Hello everyone, sometimes I get this feeling, even upon on all the studies and projects it’s as if I won’t get better past a certain point…Do you experience this?
How long have you been trying to practice?
I always do it… Currently I’m working on some studies
My advice would be to push your comfort zone. Jump into a project that seems a little outside of your ability level. Not too far, if you decide you want to make a Pixar level feature film in your spare time, you will be disappointed and discouraged.
But find your personal edge and press against it. What’s the one thing you shy away from? For me it was UV unwrapping. I got stuck trying to limp along procedural textures for a long time until I decided I needed to push myself. I’m no expert unwrapper, but now I can do it when I need to.
Yes, I’ve definitely gone through that phase. Multiple times. For me, I tend to get stuck doing the same things over and over that I’m comfortable with.
This recent video has been useful in getting me to push out of that habit.
I’ve also found that planning NOT to post stuff online has helped. I can still post stuff later, but I start by assuming that I’m the only one that will ever see it. That way I don’t feel the need to do my best. I can instead just fail at things I’m not as good at until I improve.
One of the most important things you can do is do your work with a conscious awareness of what you want to improve. If I’m drawing/painting/sculpting a face, I want to be aware of the things I’m not good at, and one at a time improve those features. It’s important to be a critic of your own work so you can find what you can do better. Of course, don’t be too hard on yourself, it takes time to become better at these things. Take small steps when learning.
I usually do characters… perhaps I’ll try a different approach to them or a sort of character I haven’t done before
Thanks for this @xrg
I usually post online because of critique I’ll get… It really helps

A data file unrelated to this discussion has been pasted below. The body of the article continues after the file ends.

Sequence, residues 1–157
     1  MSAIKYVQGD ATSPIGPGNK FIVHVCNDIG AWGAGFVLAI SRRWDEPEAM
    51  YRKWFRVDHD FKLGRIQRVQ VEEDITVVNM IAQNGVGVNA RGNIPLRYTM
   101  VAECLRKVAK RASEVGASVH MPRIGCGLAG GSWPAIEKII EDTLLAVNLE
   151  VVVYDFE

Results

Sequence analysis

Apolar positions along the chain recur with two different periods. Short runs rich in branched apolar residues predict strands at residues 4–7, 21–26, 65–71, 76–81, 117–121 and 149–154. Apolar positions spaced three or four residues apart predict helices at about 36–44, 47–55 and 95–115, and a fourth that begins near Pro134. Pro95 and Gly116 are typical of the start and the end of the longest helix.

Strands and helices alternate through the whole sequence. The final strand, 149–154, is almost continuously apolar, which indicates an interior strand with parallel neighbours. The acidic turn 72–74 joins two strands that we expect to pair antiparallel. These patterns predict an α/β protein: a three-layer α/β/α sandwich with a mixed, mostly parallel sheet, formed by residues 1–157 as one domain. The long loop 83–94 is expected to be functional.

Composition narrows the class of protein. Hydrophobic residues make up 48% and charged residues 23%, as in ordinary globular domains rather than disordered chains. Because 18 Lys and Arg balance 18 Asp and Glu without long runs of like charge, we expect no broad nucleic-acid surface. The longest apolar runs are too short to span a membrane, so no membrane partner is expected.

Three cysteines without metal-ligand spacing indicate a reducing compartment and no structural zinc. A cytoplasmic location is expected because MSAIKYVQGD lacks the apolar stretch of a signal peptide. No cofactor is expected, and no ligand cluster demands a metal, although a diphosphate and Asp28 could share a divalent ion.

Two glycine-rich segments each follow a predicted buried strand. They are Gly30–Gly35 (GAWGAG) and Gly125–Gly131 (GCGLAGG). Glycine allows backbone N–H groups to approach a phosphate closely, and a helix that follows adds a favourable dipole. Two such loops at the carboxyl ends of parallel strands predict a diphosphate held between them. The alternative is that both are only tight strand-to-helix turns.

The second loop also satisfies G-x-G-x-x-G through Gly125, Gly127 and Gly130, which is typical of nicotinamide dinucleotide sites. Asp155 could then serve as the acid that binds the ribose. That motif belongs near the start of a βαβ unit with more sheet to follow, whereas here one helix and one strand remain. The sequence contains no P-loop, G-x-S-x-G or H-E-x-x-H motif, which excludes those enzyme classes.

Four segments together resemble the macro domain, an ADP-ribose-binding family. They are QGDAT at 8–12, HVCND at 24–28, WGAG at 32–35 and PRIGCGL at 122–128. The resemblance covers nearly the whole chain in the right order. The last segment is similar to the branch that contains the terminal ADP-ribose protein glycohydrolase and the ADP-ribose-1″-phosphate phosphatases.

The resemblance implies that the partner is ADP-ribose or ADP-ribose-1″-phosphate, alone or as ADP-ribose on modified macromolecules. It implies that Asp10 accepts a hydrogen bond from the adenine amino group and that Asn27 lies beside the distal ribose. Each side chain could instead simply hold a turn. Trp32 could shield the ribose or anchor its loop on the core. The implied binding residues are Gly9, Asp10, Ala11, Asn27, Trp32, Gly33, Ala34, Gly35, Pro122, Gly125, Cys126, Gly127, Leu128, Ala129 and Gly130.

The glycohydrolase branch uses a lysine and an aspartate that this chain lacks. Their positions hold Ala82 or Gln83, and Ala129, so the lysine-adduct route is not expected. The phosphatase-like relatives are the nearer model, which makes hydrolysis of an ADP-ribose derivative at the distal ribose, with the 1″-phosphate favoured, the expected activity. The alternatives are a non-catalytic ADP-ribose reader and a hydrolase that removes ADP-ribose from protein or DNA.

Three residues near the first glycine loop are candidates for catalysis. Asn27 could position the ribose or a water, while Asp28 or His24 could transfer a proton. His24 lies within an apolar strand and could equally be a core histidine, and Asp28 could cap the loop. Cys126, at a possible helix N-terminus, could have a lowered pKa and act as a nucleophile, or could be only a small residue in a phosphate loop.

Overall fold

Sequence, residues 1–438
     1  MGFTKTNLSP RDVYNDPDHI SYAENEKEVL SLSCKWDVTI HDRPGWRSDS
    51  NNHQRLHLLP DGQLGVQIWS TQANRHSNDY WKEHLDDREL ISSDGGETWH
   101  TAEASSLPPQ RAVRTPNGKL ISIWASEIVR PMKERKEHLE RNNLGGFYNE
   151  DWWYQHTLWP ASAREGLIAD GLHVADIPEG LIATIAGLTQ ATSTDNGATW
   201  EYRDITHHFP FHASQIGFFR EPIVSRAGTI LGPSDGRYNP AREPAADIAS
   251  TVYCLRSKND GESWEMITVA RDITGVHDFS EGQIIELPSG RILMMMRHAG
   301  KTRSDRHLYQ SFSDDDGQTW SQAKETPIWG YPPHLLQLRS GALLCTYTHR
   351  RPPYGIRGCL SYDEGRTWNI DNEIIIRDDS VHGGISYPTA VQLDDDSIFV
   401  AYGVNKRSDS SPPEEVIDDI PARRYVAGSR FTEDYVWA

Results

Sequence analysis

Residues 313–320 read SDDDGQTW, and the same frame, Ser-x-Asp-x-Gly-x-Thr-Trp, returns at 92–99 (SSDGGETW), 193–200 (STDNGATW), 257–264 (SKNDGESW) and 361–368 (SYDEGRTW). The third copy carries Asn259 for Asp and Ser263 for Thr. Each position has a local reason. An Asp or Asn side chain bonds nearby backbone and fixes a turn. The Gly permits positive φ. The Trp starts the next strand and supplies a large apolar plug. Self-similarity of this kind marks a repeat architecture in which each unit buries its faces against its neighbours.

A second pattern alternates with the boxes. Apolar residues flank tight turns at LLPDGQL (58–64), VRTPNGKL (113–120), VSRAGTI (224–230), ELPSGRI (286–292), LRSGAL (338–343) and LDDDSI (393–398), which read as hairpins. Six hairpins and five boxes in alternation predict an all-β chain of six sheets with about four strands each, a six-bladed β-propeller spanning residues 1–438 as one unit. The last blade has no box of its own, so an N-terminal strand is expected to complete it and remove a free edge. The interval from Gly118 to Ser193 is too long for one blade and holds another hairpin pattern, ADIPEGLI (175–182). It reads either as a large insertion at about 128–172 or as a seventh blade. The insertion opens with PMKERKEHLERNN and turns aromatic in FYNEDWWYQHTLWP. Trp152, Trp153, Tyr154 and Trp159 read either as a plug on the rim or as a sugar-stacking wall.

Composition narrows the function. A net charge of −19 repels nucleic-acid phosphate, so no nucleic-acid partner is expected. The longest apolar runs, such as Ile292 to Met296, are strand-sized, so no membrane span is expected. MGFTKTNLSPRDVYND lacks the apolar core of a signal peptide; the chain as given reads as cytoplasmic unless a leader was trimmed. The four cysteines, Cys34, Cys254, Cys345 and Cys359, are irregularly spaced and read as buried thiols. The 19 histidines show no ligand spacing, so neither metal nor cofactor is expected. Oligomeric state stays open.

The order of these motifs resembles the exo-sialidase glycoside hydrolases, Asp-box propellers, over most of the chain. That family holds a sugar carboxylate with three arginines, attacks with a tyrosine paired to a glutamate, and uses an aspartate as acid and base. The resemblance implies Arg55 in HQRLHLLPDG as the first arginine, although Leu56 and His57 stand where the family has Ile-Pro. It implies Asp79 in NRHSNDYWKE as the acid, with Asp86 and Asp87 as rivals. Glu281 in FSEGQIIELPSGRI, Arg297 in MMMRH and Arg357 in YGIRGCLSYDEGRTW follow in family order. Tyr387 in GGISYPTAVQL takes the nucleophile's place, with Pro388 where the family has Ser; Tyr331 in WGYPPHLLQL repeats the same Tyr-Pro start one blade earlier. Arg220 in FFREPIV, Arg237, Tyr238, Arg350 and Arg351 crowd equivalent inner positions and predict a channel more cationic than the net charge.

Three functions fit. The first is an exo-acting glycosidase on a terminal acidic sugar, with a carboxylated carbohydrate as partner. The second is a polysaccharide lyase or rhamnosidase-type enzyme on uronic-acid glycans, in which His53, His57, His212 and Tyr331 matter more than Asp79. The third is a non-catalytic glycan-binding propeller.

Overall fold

Okay… In the current studies I’m doing I’m trying to improve how I sculpt facial features, and other parts of the body…
Your advice on this can really help, I guess I should give it time
Sometimes you can box yourself in without meaning to. For years my own ‘abilities’ within Blender reached a sort of glass ceiling because I did things I was mostly comfortable with. It was only through trying completely new things, and doing things which took me out of my comfort zone that I was actually able to break through the glass ceiling, and learn and improve.
I’ve also found over the years, that finishing projects helps too, even if you have to have a break - come back to it, and complete it. I spent ~ 6 months creating a character earlier this year, and took a break half way through. But completing it made me feel like I’d genuinely accomplished something, and improved my skillset.
Just took a little peak at your work though, and it’s all pretty excellent, honestly!
imo fastest way to improve is to ping pong practicing from ref and from mind
drawing on a paper is also VERY effective for your 3d sculpting.
also don’t rush things.
Thanks Pete…I feel I need this.
Thanks for the compliment
Thanks… I’ll try to take things slow
Yeah, I feel like that all the time of not getting better all of the time. But the only way I know I got better is by looking at my older drawings.
As for example I can look at something I created back in 2014 and see lots of mistakes. I could easily blame someone else created this because it has nothing to do with my current technique. Lots of mistakes everywhere. Wrong proportions, uninspiring subject, unskilled line art, no references no research done before the piece.
An S - curve is defined as: "A display of cumulative costs, labor hours or other quantities plotted against time. The name derives from the S -like shape of the curve , flatter at the beginning and end and steeper in the middle, which is typical of most projects.
That’s something I’ve noticed too… It does help. Thanks
Definitely at the middle